• According to Time magazine: “Follow through when the scheduled time for screens is over, and don’t leave TV on as background noise. If the house feels too quiet, turn on some music instead. Outside of the scheduled time block, only use screens when you (the parent) chooses it because you need it. Save screens for big moments, like when you have a conference call or dinner prep isn’t going well.”

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Embrace sticker books

  • You can find sticker books at department stores that will keep children entertained for hours. It requires some concentration and focus from children, so it is more than just a fun activity, according to Reviewed.com (via USA Today).

Work on puzzles

  • Puzzles require brain power and critical thinking to put the pieces together. Buying a large puzzle to put together as a family over the coming weeks could be a good way to bond during the quarantine, according to Reviewed.com (via USA Today).

Bring in the art supplies

  • Painting? Drawing? Coloring? All of these are options if you buy the right supples. Art supplies will help children and parents work together for fun. Like picture books, art work requires focus and concentration, too. While your child is out of school, this will certainly help them stay energized and educated, according to Reviewed.com (via USA Today).

Let them help with cooking

  • Need help cooking dinner or lunch? Enlist the child. Maybe you won’t want to do this if the child is sick. But if they’re healthy and you’re healthy, teach them how to build their own lunches and dinner, according to Reviewed.com (via USA Today).

Grab a tablet

  • The tablet could have a lot of games and educational apps for you to use to help your child learn. Maybe institute “tablet hours” where your child needs to stay on the tablet to learn a second language or play a memory-based game, according to Reviewed.com (via USA Today).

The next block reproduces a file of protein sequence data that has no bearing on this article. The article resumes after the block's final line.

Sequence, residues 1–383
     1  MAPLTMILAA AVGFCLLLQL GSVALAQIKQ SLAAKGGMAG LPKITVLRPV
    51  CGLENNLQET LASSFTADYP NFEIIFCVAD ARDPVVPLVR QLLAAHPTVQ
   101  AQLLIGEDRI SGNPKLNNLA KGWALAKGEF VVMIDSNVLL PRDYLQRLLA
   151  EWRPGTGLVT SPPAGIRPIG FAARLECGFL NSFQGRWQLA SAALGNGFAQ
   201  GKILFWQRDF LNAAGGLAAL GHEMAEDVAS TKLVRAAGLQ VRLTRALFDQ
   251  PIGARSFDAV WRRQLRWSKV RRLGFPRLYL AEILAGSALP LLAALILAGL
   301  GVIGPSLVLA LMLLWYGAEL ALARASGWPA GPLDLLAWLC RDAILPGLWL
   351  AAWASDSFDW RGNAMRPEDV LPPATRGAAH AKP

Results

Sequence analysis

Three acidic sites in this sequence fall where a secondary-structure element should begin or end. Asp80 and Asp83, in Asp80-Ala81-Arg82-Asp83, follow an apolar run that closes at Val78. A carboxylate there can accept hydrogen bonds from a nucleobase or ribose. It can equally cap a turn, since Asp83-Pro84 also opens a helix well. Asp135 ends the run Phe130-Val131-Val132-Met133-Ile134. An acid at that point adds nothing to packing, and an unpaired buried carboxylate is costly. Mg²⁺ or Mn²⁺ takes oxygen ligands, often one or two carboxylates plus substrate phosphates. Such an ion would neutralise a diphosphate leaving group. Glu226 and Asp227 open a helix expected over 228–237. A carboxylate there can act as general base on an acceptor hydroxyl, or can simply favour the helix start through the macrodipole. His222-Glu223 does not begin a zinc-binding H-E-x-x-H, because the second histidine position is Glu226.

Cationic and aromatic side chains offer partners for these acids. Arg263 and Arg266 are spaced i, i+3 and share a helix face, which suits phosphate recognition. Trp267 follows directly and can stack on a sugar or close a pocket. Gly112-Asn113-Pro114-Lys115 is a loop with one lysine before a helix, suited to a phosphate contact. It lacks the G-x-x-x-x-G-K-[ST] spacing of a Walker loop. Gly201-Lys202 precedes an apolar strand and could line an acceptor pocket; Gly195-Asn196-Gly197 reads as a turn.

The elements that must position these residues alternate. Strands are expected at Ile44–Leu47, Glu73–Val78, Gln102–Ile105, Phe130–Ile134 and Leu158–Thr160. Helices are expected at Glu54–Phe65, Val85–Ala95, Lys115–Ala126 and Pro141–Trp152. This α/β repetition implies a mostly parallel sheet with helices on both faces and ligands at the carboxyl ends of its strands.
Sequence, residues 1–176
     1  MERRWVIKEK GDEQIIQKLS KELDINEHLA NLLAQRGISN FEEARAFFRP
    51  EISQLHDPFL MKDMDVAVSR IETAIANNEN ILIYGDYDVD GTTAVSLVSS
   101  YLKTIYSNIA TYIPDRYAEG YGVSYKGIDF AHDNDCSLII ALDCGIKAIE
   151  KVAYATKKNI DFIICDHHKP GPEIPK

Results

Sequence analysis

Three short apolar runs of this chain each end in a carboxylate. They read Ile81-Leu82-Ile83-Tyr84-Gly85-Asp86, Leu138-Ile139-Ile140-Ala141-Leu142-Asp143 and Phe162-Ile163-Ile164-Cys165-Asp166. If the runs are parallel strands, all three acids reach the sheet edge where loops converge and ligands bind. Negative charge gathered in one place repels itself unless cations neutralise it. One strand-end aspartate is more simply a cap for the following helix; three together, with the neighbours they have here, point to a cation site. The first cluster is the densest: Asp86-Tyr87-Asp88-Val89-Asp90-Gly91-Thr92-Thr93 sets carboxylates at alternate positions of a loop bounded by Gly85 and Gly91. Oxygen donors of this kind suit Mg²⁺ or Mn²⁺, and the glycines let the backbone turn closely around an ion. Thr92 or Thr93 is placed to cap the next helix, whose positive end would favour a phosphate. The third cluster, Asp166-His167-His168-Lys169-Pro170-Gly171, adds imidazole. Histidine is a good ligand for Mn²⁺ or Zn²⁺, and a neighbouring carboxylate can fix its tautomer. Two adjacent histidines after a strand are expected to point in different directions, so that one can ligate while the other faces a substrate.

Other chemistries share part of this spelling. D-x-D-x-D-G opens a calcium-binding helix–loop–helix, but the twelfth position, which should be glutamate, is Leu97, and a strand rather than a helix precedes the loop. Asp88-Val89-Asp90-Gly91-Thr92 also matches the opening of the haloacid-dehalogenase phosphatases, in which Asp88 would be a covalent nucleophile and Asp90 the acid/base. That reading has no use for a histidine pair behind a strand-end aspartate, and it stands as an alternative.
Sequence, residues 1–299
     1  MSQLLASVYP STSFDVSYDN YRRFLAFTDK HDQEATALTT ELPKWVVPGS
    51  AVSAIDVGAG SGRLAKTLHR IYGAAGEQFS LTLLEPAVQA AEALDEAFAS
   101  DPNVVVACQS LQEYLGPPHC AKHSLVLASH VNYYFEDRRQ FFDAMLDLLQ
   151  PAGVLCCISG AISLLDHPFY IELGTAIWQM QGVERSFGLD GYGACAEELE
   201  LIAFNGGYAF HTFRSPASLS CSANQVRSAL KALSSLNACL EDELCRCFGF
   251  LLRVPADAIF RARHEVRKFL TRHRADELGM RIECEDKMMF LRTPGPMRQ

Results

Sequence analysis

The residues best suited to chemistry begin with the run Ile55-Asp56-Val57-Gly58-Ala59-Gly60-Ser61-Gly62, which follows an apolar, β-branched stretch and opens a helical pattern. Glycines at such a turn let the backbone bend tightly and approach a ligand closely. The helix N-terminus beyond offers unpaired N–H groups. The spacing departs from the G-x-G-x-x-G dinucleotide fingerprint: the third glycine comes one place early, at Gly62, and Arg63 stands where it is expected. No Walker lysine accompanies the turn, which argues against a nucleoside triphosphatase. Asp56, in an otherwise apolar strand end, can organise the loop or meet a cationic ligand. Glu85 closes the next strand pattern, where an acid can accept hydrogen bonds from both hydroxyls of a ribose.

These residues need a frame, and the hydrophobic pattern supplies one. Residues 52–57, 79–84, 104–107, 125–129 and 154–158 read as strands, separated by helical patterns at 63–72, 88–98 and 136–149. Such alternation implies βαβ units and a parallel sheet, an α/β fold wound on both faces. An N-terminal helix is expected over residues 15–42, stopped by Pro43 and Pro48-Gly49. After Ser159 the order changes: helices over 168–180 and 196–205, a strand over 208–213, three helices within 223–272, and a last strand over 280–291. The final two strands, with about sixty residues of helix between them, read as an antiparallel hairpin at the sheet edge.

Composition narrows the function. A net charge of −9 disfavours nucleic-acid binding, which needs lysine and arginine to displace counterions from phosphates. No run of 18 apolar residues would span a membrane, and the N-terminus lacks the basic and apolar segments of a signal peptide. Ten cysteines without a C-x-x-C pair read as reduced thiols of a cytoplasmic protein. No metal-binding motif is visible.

Consider playdates

  • Experts seem to argue about whether or not children should have playdates with other kids while the quarantine is in place. According to CNN, the play dates should be limited in size. Children should play outside to limit germs, too. Children should always wash their hands before and after playing.
  • “If possible, consider individual outdoor activities like biking or hiking where sports equipment isn’t shared and it’s easier to keep a good distance from each other,” according to CNN.

Write letters

  • You can’t go out to see people. You want to keep your child indoors. But you want them to keep in contact. One idea might be to encourage your child to write letters to their friends, relatives and family members. This allows them to practice their writing skills and gives them a chance to stay in contact with people.

Don’t worry

  • Look, your children are going to be home with you for a foreseeable future. Don’t worry if you schedule a Netflix day or a movie marathon. Maybe you only have half a day of education. That’s fine too.
  • “Of course even with the most perfectly planned schedule, you will still have days when you just can’t muster the energy to come up with even the simplest activity and instead let them watch another episode of their favorite show,” according to Time magazine. “That’s O.K too. Do what you need to do to get through that day. You’ll have your routine to go back to the next day. And the one after that, too.”